Thursday, October 15, 2009

This is real life...

In my vast research of babies and their sleep habits lately, I can't help but kind of laugh at some of the things that they say. These sleep books really harp on the fact that babies thrive on a routine. That's fine and dandy, but just because I have a kid doesn't mean that we are staying home for every nap time. This is real life. I'd like to have a little bit of a life, even though I have a child. If we need to go to Target at 10am to pick up something and it conflicts with nap time, guess what? My baby can learn to do what he needs to do on the go.

I have always been able to sleep just about anywhere and through anything. I slept through a big earthquake when I was 10 or so. My parents have taken me on tons of road trips since I was a wee-tot and I have always slept in the car. It makes the time go by so much faster when you leave at 5am, fall asleep in the car, and wake up when you only have an hour or two till you get to your destination. My sister is also a champion sleeper. My parents would be blasting AC/DC in the front seat while my sister and I each had our own bench to sleep on in their Dodge Durango. When Hubby and I took our trip to Italy a few years ago, I slept for about 75% of the plane ride. It was convenient that I could sleep on the plane since my little TV decided not to work about 10 minutes into our flight.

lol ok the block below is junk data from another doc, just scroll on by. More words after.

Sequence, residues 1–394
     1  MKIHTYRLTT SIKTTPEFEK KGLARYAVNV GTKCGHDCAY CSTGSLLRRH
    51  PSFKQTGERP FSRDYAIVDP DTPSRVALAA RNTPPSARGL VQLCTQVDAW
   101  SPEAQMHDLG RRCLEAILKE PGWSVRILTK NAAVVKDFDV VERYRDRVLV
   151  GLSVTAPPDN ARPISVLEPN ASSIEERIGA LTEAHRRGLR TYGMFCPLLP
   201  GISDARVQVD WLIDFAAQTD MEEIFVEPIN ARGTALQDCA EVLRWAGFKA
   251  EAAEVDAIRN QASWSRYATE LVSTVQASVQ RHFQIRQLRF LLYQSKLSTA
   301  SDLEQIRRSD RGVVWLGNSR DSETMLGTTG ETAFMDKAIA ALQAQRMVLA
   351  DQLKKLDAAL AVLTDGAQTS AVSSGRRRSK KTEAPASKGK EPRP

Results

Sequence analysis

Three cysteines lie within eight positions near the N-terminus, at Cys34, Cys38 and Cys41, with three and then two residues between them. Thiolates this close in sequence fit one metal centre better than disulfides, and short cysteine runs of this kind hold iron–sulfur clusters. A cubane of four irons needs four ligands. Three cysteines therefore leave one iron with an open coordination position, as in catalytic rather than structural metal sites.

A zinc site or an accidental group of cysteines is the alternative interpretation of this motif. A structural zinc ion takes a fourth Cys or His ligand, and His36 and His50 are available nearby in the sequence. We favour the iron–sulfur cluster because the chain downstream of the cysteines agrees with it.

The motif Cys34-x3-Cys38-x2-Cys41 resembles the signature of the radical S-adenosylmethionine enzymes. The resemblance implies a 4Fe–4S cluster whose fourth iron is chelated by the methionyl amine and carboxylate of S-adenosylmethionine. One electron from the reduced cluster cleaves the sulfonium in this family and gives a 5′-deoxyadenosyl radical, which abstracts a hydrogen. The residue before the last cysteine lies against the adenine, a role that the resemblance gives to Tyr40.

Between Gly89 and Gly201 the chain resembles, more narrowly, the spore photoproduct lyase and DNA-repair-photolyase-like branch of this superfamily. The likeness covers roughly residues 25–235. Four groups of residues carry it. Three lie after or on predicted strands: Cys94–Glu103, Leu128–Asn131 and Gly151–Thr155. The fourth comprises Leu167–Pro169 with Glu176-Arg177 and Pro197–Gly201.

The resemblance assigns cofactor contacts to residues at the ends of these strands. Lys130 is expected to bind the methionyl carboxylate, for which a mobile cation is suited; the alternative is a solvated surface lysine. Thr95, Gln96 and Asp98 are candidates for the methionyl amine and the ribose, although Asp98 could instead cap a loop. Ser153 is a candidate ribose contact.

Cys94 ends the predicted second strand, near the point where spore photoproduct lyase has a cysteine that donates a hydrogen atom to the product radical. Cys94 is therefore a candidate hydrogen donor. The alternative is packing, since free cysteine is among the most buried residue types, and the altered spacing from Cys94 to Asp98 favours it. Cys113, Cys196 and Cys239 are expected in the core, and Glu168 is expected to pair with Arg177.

So yes, my baby thrives on a routine, and we have one. He is a good napper, and now a good night time sleeper (Yay for 12 hours of straight sleep the last couple nights!), but he also needs to be adaptable. If I have a chance to meet a friend for lunch, he can take his afternoon nap in his stroller while I chat with my buddy. WEB will learn that just because we may not be in the place he typically naps or eats that we will continue with these tasks regardless. Don't get me wrong, I'm somewhat of a schedule Nazi, but it's so both WEB and I (and whoever else may be babysitting) know what is coming next and at what time. Life with a kid is so much easier when you remove the guess work. It's 10am and he's fussy. Oh, that's because it's nap time. It's 12:30pm and he's getting cranky. Oh, that's because it's lunch time.

It's hard not to take these books verbatim, especially as a new parent. I think you have to learn what works best for you. It's all about trial and error, and hopefully these books will help get you on the right track to a system that works for you and your family. Being only 6.5 months into this new family thing, I know there are still a million things I have yet to learn, but I feel like we're on the right track. Often times I read about a cool tip or trick, maybe see a similar version in an article, and ask Lani what she thinks or if she's tried it. If it works, I try to pass it on to some of our friends that are new parents. Sometimes it does take a village to raise a child, but if it helps you gain a little bit of your sanity and independence back, then why the heck not?

1 comment:

  1. I'm totally loving this blog.

    I had a similar upbringing and think its much easier when you teach your child adaptability!

    =) Y


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